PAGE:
“In VR, we are blessed with a beautiful, diverse, and supportive community. I’d encourage women creators to go to festivals or VR-XR–related events and watch as many experiences as possible. The language of virtual reality is unique and very different than the language of film or video games. It’s only by trial and error that we can explore this exciting uncharted territory. There’s a lot of resources out there to learn: books, the Women in VR/AR Facebook group, community events. Don’t be shy, and reach out to the experienced VR creators out there and ask for guidance!”

The Collider (North American Premiere) — U.K.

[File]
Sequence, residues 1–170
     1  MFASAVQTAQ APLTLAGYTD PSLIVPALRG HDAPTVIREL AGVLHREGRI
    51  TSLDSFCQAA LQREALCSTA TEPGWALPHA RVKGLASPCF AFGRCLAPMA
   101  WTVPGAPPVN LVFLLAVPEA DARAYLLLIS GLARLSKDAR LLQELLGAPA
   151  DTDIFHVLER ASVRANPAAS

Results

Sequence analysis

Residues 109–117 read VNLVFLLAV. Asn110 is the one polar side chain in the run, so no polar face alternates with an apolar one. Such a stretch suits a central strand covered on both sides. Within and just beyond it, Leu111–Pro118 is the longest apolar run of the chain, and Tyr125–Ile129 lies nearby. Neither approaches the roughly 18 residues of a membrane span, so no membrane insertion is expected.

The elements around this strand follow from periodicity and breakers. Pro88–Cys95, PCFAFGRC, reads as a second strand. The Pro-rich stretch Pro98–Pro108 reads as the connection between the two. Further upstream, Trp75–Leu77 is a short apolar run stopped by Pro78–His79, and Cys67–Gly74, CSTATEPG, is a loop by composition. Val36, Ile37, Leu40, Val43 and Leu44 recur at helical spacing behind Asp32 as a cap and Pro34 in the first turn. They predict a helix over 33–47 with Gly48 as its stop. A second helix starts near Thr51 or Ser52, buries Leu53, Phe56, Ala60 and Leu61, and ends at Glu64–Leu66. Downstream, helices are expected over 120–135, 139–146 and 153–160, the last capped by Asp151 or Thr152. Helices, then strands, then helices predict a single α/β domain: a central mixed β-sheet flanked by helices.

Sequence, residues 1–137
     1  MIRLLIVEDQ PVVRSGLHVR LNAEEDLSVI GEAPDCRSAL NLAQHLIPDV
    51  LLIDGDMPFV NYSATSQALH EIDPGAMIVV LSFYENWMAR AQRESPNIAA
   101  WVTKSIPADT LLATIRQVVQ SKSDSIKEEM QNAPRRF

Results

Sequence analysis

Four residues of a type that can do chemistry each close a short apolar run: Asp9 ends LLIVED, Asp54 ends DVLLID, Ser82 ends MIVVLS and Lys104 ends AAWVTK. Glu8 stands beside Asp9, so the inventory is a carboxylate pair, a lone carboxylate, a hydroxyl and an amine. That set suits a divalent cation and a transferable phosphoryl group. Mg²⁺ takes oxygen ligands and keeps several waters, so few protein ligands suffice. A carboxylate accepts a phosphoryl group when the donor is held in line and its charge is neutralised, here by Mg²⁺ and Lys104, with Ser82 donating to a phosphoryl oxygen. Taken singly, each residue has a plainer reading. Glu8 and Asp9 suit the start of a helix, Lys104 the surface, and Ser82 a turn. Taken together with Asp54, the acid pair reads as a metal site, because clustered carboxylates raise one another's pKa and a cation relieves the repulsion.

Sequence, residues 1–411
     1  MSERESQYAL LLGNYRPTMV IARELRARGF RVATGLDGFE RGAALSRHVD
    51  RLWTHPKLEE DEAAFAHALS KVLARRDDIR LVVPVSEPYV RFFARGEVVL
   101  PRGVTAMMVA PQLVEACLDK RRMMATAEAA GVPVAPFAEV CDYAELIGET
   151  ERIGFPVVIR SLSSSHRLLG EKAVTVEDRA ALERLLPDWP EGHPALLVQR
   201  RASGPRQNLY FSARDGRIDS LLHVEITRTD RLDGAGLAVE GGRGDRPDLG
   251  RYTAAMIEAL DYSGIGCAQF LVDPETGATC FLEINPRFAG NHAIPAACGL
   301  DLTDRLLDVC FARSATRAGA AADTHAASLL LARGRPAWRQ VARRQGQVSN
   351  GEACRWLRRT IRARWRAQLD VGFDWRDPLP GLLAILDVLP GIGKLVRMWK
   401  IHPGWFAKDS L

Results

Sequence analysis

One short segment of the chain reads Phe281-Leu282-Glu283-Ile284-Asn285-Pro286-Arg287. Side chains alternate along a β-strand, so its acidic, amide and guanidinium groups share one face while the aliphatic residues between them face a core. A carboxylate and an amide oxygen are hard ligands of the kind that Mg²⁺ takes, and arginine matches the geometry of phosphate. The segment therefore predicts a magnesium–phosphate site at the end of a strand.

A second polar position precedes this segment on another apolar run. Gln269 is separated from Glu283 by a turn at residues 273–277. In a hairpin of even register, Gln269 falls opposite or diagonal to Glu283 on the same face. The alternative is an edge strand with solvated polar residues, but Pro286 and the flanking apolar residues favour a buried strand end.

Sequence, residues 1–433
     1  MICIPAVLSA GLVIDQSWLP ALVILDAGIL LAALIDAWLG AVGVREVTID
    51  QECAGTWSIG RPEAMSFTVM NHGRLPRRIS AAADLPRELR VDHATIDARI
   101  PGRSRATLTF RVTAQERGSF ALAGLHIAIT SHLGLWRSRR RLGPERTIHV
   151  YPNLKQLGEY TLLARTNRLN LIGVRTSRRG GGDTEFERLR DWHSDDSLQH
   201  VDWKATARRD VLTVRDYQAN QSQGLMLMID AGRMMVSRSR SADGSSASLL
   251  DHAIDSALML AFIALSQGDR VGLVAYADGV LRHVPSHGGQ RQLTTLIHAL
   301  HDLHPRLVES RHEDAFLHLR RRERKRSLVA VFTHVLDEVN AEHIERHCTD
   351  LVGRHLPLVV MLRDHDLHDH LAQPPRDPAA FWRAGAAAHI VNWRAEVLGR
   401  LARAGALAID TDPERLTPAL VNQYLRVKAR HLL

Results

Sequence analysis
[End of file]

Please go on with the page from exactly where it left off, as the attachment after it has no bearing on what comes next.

Project Creator: May Abdalla (pictured) and Amy Rose

Describe your immersive experience:

“The Collider is an experience for two people at a time. It’s about our relationship with power and dependency.

“You enter separately and move through a series of rooms until you encounter one another — one person inside a VR headset and the other person wielding controllers, which, they discover, gives them power over what the other person sees and does.

“The story is that The Collider is a machine built to decipher the mysteries of human relationships. Like its better-known counterpart, The Large Hadron Collider, The Collider also sets out to reveal bonds between unique entities. Although, instead of particles, this machine hurls people together.

“Its mission: to identify and understand the invisible material that passes between people — the corrosive, delightful, and mysterious matter that keeps us together and pulls us apart. This material is what we play with in the experience: how it forms, and when and why it sometimes breaks.